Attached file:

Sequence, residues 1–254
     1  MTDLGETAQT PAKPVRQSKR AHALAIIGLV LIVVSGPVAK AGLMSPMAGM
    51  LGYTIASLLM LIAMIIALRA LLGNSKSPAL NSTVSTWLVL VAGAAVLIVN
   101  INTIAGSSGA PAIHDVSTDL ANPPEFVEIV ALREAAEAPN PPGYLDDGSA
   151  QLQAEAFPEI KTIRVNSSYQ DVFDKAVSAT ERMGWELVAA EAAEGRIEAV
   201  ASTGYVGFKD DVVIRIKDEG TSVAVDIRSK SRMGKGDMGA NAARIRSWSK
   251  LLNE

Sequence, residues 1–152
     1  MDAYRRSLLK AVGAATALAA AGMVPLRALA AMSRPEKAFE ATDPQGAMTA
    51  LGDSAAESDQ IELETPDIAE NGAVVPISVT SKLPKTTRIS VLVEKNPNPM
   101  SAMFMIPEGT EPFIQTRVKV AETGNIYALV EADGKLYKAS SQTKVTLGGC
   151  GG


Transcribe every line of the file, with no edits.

Sequence, residues 1–254
     1  MTDLGETAQT PAKPVRQSKR AHALAIIGLV LIVVSGPVAK AGLMSPMAGM
    51  LGYTIASLLM LIAMIIALRA LLGNSKSPAL NSTVSTWLVL VAGAAVLIVN
   101  INTIAGSSGA PAIHDVSTDL ANPPEFVEIV ALREAAEAPN PPGYLDDGSA
   151  QLQAEAFPEI KTIRVNSSYQ DVFDKAVSAT ERMGWELVAA EAAEGRIEAV
   201  ASTGYVGFKD DVVIRIKDEG TSVAVDIRSK SRMGKGDMGA NAARIRSWSK
   251  LLNE

Sequence, residues 1–152
     1  MDAYRRSLLK AVGAATALAA AGMVPLRALA AMSRPEKAFE ATDPQGAMTA
    51  LGDSAAESDQ IELETPDIAE NGAVVPISVT SKLPKTTRIS VLVEKNPNPM
   101  SAMFMIPEGT EPFIQTRVKV AETGNIYALV EADGKLYKAS SQTKVTLGGC
   151  GG